Law of Surplus

It is often easier for corporations (individuals, too) to give non-monetary goods than it is money or grants, especially when tightening budgets. This is called the Law of Surplus. This article will introduce the Law and provide an example and give you 2 challenges to apply it to your work and personal life.

A common mistake many beginning grant writers make is to focus solely on asking for money. They don’t take advantage of a secret that I never learned until I had 8 years in the business.

The Law of Surplus states that corporations are more likely to give what they have a “surplus” of. If they have a surplus of profits, they are able to give money. If they have employees, they might be willing to donate labor for a fundraiser or special event. You’ve probably heard of this when a corporation adopts a nonprofit. If they have a surplus of products or services, they are prime candidates for you to approach for tangible items you need for your projects.

The Law also states that if there is no longer a surplus, don’t waste any more time looking there. Instead, look for where the surplus is. In other words, if the surplus of profits is gone and corporations, like individuals, are tightening their finance belts, they are less likely to give money. Why? Because there is “no” surplus to draw from.

However, it doesn’t take much effort to find the gold mind of surpluses of goods hidden from your view. For example, a restaurant may be willing to prepare and donate food for a fundraising event. A conference center or college might donation a room while local musicians donate music and entertainment. Likewise, a construction company may be willing to donate building supplies, even labor, to renovate classrooms.


One student told me that she was having “no luck” getting a grant for $85,000 for fencing she needed for an animal shelter. You see the wolves were digging beneath the wooden fence they had. What they needed was a metal fence buried far enough that the wolves couldn’t dig under.

Instead of asking for money – like she was doing unsuccessfully – I invited her instead to look for the surplus of what she actually needed… fencing. Who has a surplus of fencing? Answer: A fencing manufacturer.

The Law of Surplus says that if a surplus of money isn’t readily available, try another surplus. She found a business who not only donated the fencing, but the labor, too, to install it. She didn’t need money after all. She needed fencing. And, she got it! $85,000 worth of fencing and labor… everything donated!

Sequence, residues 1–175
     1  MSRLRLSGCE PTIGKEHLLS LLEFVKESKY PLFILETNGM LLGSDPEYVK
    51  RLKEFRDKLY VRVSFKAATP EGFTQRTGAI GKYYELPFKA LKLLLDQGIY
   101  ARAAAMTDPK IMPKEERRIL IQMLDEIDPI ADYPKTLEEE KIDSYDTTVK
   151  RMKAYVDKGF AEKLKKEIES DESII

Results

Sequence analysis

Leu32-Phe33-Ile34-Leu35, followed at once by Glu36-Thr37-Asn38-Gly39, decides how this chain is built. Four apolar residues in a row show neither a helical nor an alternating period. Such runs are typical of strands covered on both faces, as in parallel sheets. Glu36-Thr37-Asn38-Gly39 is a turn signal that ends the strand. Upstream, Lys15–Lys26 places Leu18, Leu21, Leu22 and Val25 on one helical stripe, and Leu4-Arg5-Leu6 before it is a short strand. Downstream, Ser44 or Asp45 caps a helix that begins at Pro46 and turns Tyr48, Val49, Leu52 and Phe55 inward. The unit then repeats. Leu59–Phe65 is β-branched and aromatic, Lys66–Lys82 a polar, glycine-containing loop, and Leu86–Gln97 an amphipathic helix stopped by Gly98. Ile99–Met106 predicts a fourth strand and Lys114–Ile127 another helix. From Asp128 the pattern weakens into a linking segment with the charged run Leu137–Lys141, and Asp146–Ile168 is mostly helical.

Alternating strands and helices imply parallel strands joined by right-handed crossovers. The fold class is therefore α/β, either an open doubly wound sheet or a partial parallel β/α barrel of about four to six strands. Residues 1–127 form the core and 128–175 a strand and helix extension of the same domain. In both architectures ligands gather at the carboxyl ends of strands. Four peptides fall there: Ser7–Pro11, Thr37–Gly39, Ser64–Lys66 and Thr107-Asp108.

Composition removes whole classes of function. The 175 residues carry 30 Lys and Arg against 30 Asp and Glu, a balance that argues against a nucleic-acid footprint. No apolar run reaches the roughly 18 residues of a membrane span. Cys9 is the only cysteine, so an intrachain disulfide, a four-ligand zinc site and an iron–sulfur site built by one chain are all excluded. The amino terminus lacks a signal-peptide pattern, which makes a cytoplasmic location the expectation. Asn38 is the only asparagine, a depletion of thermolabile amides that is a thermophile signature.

The point is that corporations are great sources of surpluses for what you need. You can take advantage of the Law of Surplus by focusing first on what you need. Then, ask, “Who has a surplus of this?” Keep in mind there may very likely be a corporation someplace who has a surplus of that very product you need right now.

By sharing their surplus with you, they are donating something they actually have. Their out-of-pocket expense is limited while the benefit of giving is not. They can even get a tax write-off in most cases.

In summary, one way to strategically use corporations is to maximize the power of the Law of Surplus to your advantage. Look first for non-money donations.

2 CHALLENGES: 1 Work & 1 Personal

Here’s 80% challenge at work: challenge yourself and your agency to get at least 80% of the items needed for your next project donated. Then, leverage these donations to ask for actual money.

In other words, once you get things donated, when you ask for money, you can show that 80% has already been donated by corporations. This makes it super easy for a funder to say, “yes” to the remaining 20% (money) you need that you can’t get donated from another source. How can they refuse when there is so much support already!

Here’s your personal challenge: identify the surpluses you have personally, like clothes, movies, and say 4 hours a month of your time. Then, find creative ways to use the Law of Surplus to give your surplus to a needy cause, like give your clothes to the Salvation Army, your surplus of movies to the local library, and your extra 4 hours a month to the local soup kitchen for the homeless. In just a few minutes, I plan to donate organic sodas to a local church.

Source by Phil Johncock

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